But Cat is responsible Villain and only uses this curse if absolutely necessary, i.e. everytime she needs something.

                    Anyway, Cat wilingly and intentionally went after winter title to get leverage in winter court. Remeber the Duke of Violent Squalls?

                    “To shut down Winter’s invasion of Marchford,” Adjutant said.
                    “Winter can’t invade Marchford if Marchford is part of Winter,” I murmured.

                    4) Oh right, sorry, i misread. I thought Black has always said that “Heavens are dirty cheaters who cheat and the only way to win is by not giving them any openings”. You opened my eyes! now i see that he actually said “When facing a hero/crusade on a break of defeat go for standart villain escape with monologue and imidiately follow it by something even more dramatic. They will never see it coming”.

                    to be fair i liked everything before Dragon. Slow fighting retreat, multiple landslides, Black not involving himself to exclude the Narative etc. If you forget about Augur and dont think about why she didnt predict it all, it was pretty soild strategy.

                    Anyway, how can i cash out my points? every bit helps, you know.


  9. Yotz


    Look into the silver eyes –
    In the mist of dark forgotten times.

    Summon up the beast of flame,
    Unchain the warlord, call her name!

    Children of the Night –
    Let her reign and bear your plight!
    And save you from the day
    In which you will be slain!

    The Queen will rule with iron hand,
    Through blood – she’ll repossess the land.

    From the dungeon to the throne –
    From the darkness freedom has been born!

    Children of the Night –
    Let her reign and hear your plight!
    And save you from the day
    In which you will be slain!

    Soldiers of unholy empire,
    Hail the Moonless Night! – the silver eyes foresees end of light.
    Soldiers of unholy empire,
    Hail the Moonless Night! – make the enemy crawl!
    Soldiers of unholy empire,
    Let her rule, the raging one!
    Into dawning Night
    The time of fear will die…

    Liked by 10 people

    1. Rythm is mighty shaken. Is this a poem or a song?

      I kinda made a more consistent verdion, rythm-wise at least, but may be I’m wrong. Hod you sing this?

      Btw, good job as always.


      1. Yotz

        Also, speaking of something Night-themed, less rhythm-shaken, and more… ahem… “poem“-like – although distinctly less plot related and/or sensical…

        Well, to cut blatant attempts at false modesty short – here’s one more for you.
        …and anyone else who had misfortune to read it, I suppose.

        ‘Tis not the towers – silhouettes of ships:
        Their sails, and flags, and masts with broken tips –
        Dark blots on canvas dark and darker still.
        And yet they brighter than the starry swirl.

        The way is open – empty, save for worry and distrust;
        But sacred golden symbols poxed with scabs of rust,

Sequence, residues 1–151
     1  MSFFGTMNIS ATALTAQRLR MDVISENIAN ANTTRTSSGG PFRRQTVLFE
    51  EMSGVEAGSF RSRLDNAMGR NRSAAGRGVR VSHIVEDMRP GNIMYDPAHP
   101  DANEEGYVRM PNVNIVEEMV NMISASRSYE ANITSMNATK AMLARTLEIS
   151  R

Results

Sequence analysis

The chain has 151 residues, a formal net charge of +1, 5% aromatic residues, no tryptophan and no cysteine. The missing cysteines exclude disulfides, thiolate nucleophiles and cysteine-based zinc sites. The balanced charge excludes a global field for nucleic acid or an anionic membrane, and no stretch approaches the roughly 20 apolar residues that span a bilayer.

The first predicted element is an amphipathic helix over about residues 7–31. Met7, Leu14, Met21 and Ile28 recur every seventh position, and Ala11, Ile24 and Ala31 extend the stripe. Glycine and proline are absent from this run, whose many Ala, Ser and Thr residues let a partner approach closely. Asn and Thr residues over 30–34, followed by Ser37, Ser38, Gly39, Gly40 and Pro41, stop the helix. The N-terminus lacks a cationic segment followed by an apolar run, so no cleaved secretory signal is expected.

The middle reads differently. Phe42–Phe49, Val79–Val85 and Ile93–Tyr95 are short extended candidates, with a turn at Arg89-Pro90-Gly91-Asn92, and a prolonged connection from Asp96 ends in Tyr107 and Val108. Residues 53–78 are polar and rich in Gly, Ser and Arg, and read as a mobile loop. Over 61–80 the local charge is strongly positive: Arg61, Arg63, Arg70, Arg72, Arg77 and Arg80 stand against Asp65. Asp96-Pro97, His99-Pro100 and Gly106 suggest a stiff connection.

And all the dreams and nightmares crumble, turned to dust.

        The world asleep. We stepped on deck of ferry-boat.
        Reigns silence. Ferry heaves and rolls from side to side.
        And like a clap of sudden thunder oar’s gentle slide
        Caressing waves,
        and as if only echo from the depths
        is keeping us afloat.

        Liked by 2 people

  10. An interesting take on providence, Cat. I wonder if there is a similar Hero who avoid free power ups from Fate. I mean, ot’s kinda obvious in hindsight that taking hand-outs from both Above and Below makes you into Stupid X. Would be interesying to see Hero turn down the golden luck so that there would not be any strings attached. Also, kimda wondering something. If help from Above brainwash you, and help from Below zombify you, how are they any different, exactly? There’s a quote from the very first chapter, that some Gods sought to guide, and some to rule. But they both kinda do it. So what if the Side is actually anyone who has anything to do with Narrative, and the other Side is losing their wager badly? Wait, what if there are actually to worlds, one where everything is railroaded by gods, and another where they never intervene? Am I thinking too much? I’m thinking too much…

    By the way, if I understand correctly, the Night is basically Sve’s MANTLE, and I doubt those were chosen randomly (well not doubt, more like hope they’re not). It’s pretty obvious that she’s the one who kickstarted the whole Tenets of the Night thing, so, crazy theory, probably wrong, but it’d be funny if the whole “Tenets” is a socio-cultural experiment powered by Sve. She said so herself, Tenets would hold or they wouldn’t. It’s a hypertrophied Darvin socionomics ad absurdum. She’s a scientist! An evil one, probably.

    Liked by 8 people

      1. IS her mantle actually growing? It seems to me the Drow are failing, they spend all their time killing each other and getting massacred by The Hidden Horror, Emerald Bloom and Dwarves.
        Unless it doesn’t diminish, only grows, it should be getting smaller.


        1. Darkening

          It seems like anything the drow learns themselves gets added to the Night that they leave behind when they die, as mentioned in Cat’s queries about drow learning blacksmithing or construction and getting killed for the knowledge. So yeah, the Night is constantly growing anytime they learn something for themselves or kill someone from one of the other races to add to it. Unless it disappears after a corpse after a while if it goes unclaimed, I can’t see it diminishing in total, though it might end up spread thin through the hordes of drow. Though I suppose someone could kill a bunch of drow and burn/hide the bodies and maybe prevent the Night from being reclaimed. Which is sorta what the dwarves tried here, though they should blown the cavern or something to make the bodies inaccessible.